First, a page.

Peterman's home inspection took five minutes. But she says hosts with older homes might be required to modify their windows or other parts of their home.

Those could be required for fire-safety reasons.

Airbnb role in income taxes

Airbnb offers a "quick reference guide" for prospective Portland hosts on its website, essentially a checklist to get started. It mentions they need to file for a city business license, notify neighbors, file a permit application and get an inspection.

Another Airbnb web page notes lodging taxes must be paid to Portland, Multnomah County and the state. It makes no reference to state or federal income taxes on earnings. However, a separate Airbnb handout on taxes encourages hosts to consult a tax professional for reporting their income.

Airbnb, as required by the IRS, does send hosts federal Form 1099-Ks each year if their properties grossed more than $20,000 and they they had more than 200 room bookings, Rillos confirmed. Copies are sent to the IRS.

But many hosts, including Peterman, say they don't reach both of those thresholds. Still, she says, hosts can easily determine their annual earnings from Airbnb to submit to their tax preparers.

From side businesses to livelihoods

For some Portland hosts, renting short-term rentals is a nice little side business. For others, it's a lucrative livelihood.

Portland Airbnb hosts averaged $10,769 in rent collections the past 12 months, says Sara Dupre of Airdna, an independent company that provides data analyzing Airbnb's worldwide operations. Hosts who rent out multiple sites would average that amount for each site.

A recent Airdna report found the top 10 Portland hosts renting out just one bedroom collected amounts ranging from $41,564 to $47,468 in the past year. Top hosts renting multiple rooms or full homes, which is common, earned much more.

State compliance question

The short-term rental industry is fairly new here, so it's not clear yet if there's a problem with people not paying income taxes to the state, says Bob Estabrook, state Department of Revenue spokesman. "We're not ready to say this is a problem or this isn't a problem," Estabrook says.

"It's not just the state who's going to care whether you've got income to report from a short-term rental; it's also the IRS who's going to care," he says.

Hosts who rent out their properties at least 15 days a year must report the income to the IRS. Generally that's reported on Schedule E federal tax forms, which Oregon uses to determine taxable income owed to the state.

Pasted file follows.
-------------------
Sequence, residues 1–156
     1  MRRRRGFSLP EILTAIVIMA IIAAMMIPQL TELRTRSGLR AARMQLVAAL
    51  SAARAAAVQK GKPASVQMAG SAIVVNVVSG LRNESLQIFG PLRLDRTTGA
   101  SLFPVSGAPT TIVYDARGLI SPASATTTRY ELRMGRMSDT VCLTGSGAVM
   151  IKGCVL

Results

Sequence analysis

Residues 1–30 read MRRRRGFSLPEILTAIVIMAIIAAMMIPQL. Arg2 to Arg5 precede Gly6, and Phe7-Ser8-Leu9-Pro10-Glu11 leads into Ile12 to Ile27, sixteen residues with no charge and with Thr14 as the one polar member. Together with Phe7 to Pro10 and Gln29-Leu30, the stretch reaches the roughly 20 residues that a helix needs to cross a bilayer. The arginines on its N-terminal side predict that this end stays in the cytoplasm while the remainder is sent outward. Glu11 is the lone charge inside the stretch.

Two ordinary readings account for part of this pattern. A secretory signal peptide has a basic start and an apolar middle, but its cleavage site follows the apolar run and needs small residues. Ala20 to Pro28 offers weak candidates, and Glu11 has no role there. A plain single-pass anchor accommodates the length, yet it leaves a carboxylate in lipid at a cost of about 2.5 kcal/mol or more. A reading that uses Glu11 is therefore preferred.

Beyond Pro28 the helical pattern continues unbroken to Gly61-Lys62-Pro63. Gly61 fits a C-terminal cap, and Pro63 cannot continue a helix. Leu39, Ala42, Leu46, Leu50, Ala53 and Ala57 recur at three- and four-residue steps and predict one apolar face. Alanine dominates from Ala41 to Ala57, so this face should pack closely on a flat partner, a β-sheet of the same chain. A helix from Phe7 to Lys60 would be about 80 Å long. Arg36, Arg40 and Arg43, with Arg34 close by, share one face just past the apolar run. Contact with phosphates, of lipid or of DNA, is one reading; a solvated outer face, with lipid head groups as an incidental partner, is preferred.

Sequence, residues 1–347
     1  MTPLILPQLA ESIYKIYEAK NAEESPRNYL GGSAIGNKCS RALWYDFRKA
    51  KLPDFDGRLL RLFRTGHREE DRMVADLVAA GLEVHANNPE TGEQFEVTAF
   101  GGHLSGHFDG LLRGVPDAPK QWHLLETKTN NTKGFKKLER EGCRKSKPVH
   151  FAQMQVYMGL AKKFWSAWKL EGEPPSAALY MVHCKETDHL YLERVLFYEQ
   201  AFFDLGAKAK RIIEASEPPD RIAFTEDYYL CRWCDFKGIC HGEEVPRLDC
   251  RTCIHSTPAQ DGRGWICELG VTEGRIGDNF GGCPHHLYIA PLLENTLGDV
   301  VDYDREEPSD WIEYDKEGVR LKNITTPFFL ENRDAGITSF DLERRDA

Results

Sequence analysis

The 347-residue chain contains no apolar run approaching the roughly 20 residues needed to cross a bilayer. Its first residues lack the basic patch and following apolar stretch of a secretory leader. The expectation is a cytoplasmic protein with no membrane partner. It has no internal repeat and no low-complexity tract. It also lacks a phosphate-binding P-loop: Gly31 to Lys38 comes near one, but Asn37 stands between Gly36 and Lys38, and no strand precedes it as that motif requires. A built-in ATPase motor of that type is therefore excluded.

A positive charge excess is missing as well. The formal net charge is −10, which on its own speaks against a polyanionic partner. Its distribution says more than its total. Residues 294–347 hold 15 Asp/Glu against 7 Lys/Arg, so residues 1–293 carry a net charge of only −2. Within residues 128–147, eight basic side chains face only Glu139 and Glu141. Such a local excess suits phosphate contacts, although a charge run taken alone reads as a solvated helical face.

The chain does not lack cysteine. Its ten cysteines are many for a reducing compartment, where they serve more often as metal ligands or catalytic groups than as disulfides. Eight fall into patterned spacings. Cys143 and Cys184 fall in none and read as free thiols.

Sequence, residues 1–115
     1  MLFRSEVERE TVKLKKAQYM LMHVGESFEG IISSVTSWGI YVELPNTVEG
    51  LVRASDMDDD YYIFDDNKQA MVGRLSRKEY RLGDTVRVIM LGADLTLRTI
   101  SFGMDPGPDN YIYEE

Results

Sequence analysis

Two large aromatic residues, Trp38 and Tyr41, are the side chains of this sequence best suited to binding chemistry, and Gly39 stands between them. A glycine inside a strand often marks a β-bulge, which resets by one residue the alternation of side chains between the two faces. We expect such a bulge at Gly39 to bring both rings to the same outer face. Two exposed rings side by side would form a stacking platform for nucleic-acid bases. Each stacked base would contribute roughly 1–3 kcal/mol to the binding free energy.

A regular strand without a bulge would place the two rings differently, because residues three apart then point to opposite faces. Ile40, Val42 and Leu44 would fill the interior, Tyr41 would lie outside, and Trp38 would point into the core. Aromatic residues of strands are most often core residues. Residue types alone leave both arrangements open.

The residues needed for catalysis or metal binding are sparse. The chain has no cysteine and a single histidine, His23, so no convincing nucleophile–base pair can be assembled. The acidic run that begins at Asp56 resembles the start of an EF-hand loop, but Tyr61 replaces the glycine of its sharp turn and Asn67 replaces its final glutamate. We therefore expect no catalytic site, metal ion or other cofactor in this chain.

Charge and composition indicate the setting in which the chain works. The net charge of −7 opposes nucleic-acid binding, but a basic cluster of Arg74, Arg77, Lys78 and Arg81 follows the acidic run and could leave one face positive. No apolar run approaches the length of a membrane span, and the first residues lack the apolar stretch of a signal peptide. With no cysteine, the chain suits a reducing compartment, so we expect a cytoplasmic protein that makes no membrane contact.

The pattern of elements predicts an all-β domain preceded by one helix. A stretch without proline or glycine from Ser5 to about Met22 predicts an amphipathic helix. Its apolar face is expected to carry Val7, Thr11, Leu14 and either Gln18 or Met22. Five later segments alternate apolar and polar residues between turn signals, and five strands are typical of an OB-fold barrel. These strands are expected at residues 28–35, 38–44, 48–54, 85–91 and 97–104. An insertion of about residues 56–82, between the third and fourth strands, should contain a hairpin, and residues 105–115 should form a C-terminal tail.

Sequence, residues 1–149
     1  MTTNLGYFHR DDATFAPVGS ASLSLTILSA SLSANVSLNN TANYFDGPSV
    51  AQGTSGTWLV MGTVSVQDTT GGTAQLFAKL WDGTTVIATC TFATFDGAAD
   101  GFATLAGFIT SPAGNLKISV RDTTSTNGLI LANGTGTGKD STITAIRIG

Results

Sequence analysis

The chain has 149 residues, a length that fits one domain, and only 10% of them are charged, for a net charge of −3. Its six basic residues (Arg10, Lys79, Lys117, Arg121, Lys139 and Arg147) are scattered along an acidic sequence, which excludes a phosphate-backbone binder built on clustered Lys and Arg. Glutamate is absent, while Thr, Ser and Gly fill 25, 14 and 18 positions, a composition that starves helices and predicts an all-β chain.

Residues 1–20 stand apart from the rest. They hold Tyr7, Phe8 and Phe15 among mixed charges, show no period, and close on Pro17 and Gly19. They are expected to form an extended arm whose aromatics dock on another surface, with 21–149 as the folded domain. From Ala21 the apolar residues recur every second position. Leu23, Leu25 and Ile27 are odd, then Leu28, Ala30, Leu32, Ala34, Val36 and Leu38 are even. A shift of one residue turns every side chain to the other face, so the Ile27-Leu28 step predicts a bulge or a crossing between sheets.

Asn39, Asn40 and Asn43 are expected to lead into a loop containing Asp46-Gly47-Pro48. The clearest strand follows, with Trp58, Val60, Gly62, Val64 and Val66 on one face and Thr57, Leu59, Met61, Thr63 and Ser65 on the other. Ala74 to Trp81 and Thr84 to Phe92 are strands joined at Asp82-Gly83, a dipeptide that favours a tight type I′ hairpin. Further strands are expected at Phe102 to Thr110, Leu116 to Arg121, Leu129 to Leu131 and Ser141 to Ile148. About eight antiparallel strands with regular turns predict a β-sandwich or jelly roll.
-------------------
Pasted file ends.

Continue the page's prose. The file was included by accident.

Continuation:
The Oregon Department of Revenue does not like to divulge its enforcement methods for assuring compliance with its tax rules. But when people have home listings on the internet, or individual ads on Craigslist, it's not too hard to track them down, Estabrook says. And the state has more tools at its disposal than the city to assure compliance.

Mike Liefeld, enforcement program manager for the city Bureau of Development Services, is frustrated by the lack of compliance among Airbnb and other hosts in seeking permits and heeding other city requirements. His bureau received 324 complaints from residents about short-term rentals from September 2014 to September 2016, which Liefeld called a "very high number."

Yet he has never heard any talk that people avoiding permits might be trying to duck income taxes.

"I would be shocked that people would take that amount of risk," he says.

Airbnb enforcement action delayed

On Nov. 10, the city Revenue Division sent a letter to Airbnb demanding the names and addresses of all of its estimated 3,200 Portland hosts. Airbnb, which has strongly resisted sharing that information in the past, was given until Dec. 12 to comply or face a $1.6 million fine — $500 per listing.

But Airbnb asked the city for an extension until Feb. 1, "to prepare a proposal for the city," says Thomas Lannom, Revenue Division director. "We granted their request."